Author: The Menopause Society
Author Contact: menopause.org
Published: 27th Sep 2023
Peer-Reviewed Publication: Yes
Additional References: Female Sexual Health Publications
Summary: A new study suggests cisgender heterosexual women are more satisfied in relationships and have fewer depression and anxiety symptoms than cisgender sexual minority women.
In recent years, there has been debate around the topic of who is happier, healthier, and more satisfied sexually-traditional heterosexual or sexual minority women. A new study suggests that cisgender heterosexual women have higher relationship scores and less anxiety and depression than their less traditional counterparts.
Satisfaction with one's relationship and sex life has been shown to have a direct impact on a woman's mental and physical health. Rates of substance abuse, obesity, and stroke have even been linked to sexual satisfaction and sexual distress. Unfortunately, little research has been conducted on sexual function in sexual minority women (described as a group whose sexual identity, orientation, or practices differ from the majority of the surrounding society).
A new study involving more than 6,200 sexually active women, including a small percentage of women who were identified as sexual minority women, aimed to evaluate sexual function and sexual distress in cisgender sexual minority women compared to cisgender heterosexual women.
The study concluded that, in general, sexual minority women had significantly lower quality of life and relationship satisfaction scores compared to heterosexual women. Sexual minority women were also more likely to experience anxiety and depressive symptoms, as well as sexual distress. No statistically significant differences were seen, however, for sexual dysfunction between the two groups. Additional research is needed to address multiple other variables in a larger, more diverse study population.
The results will be presented during the Annual Meeting of The Menopause Society as part of the presentation entitled "Associations of sexual function and sexual orientation in cisgender women."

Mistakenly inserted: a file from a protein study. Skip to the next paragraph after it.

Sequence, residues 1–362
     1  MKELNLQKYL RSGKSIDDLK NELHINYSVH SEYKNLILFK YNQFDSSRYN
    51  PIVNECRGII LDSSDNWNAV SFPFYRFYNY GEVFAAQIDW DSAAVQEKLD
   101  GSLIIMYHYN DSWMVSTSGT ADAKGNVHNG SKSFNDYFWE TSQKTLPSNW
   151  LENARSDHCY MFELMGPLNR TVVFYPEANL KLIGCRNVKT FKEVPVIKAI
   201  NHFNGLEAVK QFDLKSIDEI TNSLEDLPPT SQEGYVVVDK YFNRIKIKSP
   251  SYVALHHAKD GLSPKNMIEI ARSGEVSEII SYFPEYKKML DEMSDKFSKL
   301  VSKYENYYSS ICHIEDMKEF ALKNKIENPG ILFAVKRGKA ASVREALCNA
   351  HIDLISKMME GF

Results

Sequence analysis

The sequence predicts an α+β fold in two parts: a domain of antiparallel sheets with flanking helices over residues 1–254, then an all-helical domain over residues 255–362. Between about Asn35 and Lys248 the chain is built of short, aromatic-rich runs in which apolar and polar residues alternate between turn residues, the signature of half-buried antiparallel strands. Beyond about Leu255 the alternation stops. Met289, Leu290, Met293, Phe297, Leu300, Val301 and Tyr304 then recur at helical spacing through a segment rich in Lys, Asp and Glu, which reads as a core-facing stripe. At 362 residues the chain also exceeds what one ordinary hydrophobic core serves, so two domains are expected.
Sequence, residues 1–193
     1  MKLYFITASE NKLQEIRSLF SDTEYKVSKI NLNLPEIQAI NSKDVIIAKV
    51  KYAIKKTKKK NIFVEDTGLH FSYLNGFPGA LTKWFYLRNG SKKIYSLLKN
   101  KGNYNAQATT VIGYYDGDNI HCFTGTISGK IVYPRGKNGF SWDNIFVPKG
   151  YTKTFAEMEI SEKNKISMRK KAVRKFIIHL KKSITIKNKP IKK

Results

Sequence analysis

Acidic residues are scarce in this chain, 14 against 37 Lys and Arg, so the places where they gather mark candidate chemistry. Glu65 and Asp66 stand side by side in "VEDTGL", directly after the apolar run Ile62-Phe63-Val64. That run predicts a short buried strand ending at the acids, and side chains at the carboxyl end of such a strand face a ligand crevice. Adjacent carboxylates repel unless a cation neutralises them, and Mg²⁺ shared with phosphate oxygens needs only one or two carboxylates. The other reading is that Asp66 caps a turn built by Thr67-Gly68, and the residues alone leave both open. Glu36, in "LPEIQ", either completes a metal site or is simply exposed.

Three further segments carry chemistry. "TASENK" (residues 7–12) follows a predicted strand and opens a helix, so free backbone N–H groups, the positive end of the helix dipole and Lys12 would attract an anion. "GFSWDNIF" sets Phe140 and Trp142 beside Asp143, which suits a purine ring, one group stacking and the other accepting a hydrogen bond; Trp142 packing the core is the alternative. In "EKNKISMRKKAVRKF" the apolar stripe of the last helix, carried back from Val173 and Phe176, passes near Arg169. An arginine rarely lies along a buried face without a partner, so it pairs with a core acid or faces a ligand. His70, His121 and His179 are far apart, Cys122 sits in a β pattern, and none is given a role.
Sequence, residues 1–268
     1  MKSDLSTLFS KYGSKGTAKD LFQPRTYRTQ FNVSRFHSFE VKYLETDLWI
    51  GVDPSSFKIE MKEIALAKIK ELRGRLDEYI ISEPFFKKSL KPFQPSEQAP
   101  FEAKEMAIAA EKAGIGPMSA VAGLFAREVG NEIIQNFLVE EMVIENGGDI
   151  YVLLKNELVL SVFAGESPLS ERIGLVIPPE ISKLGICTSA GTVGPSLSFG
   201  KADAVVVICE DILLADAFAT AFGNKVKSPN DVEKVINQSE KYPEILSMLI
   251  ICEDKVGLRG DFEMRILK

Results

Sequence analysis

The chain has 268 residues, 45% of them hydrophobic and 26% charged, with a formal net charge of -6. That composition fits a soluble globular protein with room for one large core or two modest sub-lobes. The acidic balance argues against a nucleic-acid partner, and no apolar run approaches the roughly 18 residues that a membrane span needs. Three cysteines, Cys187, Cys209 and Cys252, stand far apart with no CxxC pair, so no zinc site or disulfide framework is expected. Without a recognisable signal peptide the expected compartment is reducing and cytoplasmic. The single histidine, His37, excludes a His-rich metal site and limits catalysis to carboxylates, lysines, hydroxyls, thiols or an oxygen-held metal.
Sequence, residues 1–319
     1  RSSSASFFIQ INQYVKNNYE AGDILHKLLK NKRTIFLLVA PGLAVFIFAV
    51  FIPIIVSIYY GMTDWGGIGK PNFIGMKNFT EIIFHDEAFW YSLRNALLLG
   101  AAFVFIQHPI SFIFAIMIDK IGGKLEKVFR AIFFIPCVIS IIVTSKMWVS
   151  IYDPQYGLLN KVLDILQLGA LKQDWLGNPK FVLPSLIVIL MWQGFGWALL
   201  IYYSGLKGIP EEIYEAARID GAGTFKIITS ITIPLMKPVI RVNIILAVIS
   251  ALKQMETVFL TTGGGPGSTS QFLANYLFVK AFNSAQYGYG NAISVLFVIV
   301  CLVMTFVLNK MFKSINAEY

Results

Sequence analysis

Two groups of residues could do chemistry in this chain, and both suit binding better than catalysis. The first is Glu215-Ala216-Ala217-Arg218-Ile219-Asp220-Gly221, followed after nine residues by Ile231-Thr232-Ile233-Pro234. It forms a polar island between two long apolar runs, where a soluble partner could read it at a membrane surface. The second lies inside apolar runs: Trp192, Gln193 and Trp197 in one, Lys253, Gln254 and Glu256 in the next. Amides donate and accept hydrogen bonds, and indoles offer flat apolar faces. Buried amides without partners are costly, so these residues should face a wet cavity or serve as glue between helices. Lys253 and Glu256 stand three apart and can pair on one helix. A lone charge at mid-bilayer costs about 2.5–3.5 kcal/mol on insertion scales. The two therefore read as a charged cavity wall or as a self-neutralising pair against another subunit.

"Many women feel uncomfortable discussing their sexual health with their healthcare practitioners, and this can be even more challenging for women who identify as lesbian, bisexual, or queer, due to fears of stigma or discrimination. Our goal with this research was to evaluate if differences exist in female sexual functioning based on sexual orientation and utilize that information to ultimately foster a more inclusive environment in healthcare and sexual medicine," says Dr. Talia Sobel, lead author from Mayo Clinic Arizona in Scottsdale.
"As healthcare professionals, we need ensure that all women receive quality healthcare and their specific needs are being addressed," adds Dr. Stephanie Faubion, medical director of The Menopause Society. "The results of studies like this one will hopefully lead to improved provider-patient communications and overall care for sexual minority women."
Drs. Sobel and Faubion are available for interviews before and after the presentation at the Annual Meeting.
The Menopause Society (formerly The North American Menopause Society) is dedicated to empowering healthcare professionals and providing them with the tools and resources to improve the health of women during the menopause transition and beyond. As the leading authority on menopause since 1989, the nonprofit, multidisciplinary organization serves as the independent, evidence-based resource for healthcare professionals, researchers, the media, and the public and leads the conversation about improving women's health and healthcare experiences.
Effect of Sexual Orientation on Sexual Function and Distress | The Menopause Society (menopause.org). SexualDiversity.org makes no warranties or representations in connection therewith. Content may have been edited for style, clarity or length.
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• (APA): The Menopause Society. (2023, September 27). Effect of Sexual Orientation on Sexual Function and Distress. SexualDiversity.org. Retrieved December 7, 2023 from www.sexualdiversity.org/sexuality/health/female/1180.php
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